When seeds do not germinate, there are several possible explanations. First, the seeds may not be viable, which may be caused by the seeds being harvested too soon; by the parent plant not being properly pollinated; by exposure to environmental factors, like growing too near a juglone producing plant; or by some idiot sending them through the laundry. Second, the seeds may not be stratified properly, which is to say that they may not have been exposed to the proper cycles of cold and heat that are required for the seed to trigger germination. Third, they may not have undergone the right environmental factors to break down the seed shell, a process that might involve sitting in moisture for a certain time, going through the digestive system of a certain animal, or even, in some cases, being exposed to forest fire. These environmental factors can often be approximated, by subjecting the seeds to acids or scarification or heat, but determining which techniques to use is not always easy.
Now, I was pretty sure that at least some of the seeds were viable, because I had taken them from a number of plants in a number of locations, all of which showed seedling growth in subsequent years, and because I was collecting seeds at various stages of maturity, all the way from relatively young fruit to the fruit that had ripened fully and fallen to the ground. I was also pretty certain that I had stratified them correctly, since I have stratified other varieties of cherries very successfully, and it would be strange for such a similar species to require a double-stratification or something of that nature. I was left with the probability that the seeds needed additional environmental factors to germinate, and I could count out fire fairly safely. The plants do, however, grow right on the beach, so it was entirely possible that they needed to be soaked for a good period of time, and many kinds of seeds need to pass through an animal’s digestive system, so I determined to watch carefully this past summer, to see how the seeds were being spread naturally.
My first discovery was that a tremendous number of the cherries were being consumed by the gulls. The gull droppings were full of seeds, and I was mentally preparing myself for the unpleasant task of digging through bird waste for them, when I made a second discovery, that the gulls often voided over the water, leaving the shallows full of partly digested but washed and soaking seeds. I gathered several hundred of them, stratified them for four months in a soil mixture that was more sandy and moist than I normally use, and yesterday I planted them. I have high hopes .
It was Malcolm Lowry, with his impossible, perfect sentence, that started me on this strange business of collecting long and masterful sentences in the first place, and now here is another from Lowry, and entirely against all my expectations, since I had been told that he wrote only the one novel, Under the Volcano, and so never suspected that I would read anything more of him until I discovered a collection of his stories, Hear Us O Lord From Thy Dwelling Place, in a used bookstore the other day. I have not read very far in my new treasure, and I have already run across several examples of sentences that I could add to my collection, but I will only share one. Let it be read in the spirit that I am sharing it, both in honour of Lowry’s role in creating this strange obsession of mine, and also in celebration of discovering more of his beautiful writing:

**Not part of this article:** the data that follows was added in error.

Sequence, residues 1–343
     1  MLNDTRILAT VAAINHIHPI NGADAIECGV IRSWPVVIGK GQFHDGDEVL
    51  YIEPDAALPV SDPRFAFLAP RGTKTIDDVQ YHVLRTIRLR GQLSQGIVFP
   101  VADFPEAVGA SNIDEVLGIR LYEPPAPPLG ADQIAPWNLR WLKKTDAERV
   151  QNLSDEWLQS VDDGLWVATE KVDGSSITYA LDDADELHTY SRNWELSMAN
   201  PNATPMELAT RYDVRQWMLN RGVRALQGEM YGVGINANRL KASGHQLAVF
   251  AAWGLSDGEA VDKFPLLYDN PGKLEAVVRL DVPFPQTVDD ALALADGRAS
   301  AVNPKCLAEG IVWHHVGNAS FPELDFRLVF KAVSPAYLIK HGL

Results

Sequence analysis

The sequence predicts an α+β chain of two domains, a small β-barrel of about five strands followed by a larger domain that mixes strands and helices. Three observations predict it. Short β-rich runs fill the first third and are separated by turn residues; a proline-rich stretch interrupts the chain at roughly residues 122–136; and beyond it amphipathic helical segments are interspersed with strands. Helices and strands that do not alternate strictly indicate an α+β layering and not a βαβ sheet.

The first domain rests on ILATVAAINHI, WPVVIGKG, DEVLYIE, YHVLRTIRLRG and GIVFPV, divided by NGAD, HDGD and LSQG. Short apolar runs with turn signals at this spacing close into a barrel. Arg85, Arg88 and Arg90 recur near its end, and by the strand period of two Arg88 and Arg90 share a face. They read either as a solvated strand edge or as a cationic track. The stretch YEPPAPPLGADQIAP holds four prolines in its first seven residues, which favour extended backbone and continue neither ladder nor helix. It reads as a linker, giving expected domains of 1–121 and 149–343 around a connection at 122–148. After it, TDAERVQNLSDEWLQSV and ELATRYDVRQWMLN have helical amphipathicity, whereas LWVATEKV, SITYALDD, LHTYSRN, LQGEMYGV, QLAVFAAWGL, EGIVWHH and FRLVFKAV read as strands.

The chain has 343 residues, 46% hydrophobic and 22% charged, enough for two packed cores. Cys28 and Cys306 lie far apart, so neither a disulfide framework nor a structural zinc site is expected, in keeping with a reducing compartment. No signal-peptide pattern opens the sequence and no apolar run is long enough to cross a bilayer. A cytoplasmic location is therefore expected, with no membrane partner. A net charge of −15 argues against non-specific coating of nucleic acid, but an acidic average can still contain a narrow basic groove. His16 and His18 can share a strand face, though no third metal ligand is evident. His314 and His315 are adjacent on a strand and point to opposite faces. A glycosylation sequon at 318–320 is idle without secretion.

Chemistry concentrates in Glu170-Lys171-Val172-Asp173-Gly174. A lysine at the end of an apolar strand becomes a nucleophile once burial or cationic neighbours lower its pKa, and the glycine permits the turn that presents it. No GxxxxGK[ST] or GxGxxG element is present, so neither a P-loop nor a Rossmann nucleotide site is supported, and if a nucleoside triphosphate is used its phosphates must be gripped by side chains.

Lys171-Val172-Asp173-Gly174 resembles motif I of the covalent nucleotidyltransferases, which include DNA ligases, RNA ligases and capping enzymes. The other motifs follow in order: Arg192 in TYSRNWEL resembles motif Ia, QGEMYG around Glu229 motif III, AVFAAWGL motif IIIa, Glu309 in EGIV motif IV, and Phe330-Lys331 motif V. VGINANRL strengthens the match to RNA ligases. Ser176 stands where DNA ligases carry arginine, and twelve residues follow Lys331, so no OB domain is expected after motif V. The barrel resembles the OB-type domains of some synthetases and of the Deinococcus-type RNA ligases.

“Ah, its absolute loneliness amid those wastes, those wildernesses, of rough rainy seas bereft even of sea birds, between contrary winds, or in the great dead windless swell that comes following a gale; and then with the wind springing up and blowing the spray across the sea like rain, like a vision of creation, blowing the little boat as it climbed the highlands into the skies, from which sizzled cobalt lightnings, and then sank down into the abyss, but already was climbing again, while the whole sea crested with foam like lambs’ wool went furling off to leeward, the whole vast moon-driven expanse like the pastures and valleys and snow-capped ranges of a Sierra Madre in delirium, in ceaseless motion, rising and falling, and the little boat rising, and falling into a paralyzing sea of white drifting fire and smoking spume by which it seemed overwhelmed: and all this time a sound, like a high sound of singing, yet as sustained in harmony as telegraph wires, or like the unbelievably high perpetual sound of the wind where there is nobody to listen, which perhaps does not exist, or the ghost of the wind in the rigging of ships long lost, and perhaps it was the sound of the wind in its toy rigging, as again the boat slanted onward: but even then what further unfathomed deeps had it oversailed, until what birds of ill omen turned heavenly for it at last, what iron birds with saber wings skimming forever through the murk above the gray immeasurable swells, imparted mysteriously their own homing knowledge to it, the lonely buoyant little craft, nudging it with their beaks under golden sunsets in a blue sky, as it sailed close in to mountainous coasts of clouds with stars over them, or burning coasts at sunset once more, as it rounded not only the terrible spume-drenched rocks, like incinerators in sawmills, but other capes unknown, those twelve years, of giant pinnacles, images of barrenness and desolation, upon which the heart is thrown and impaled eternally.”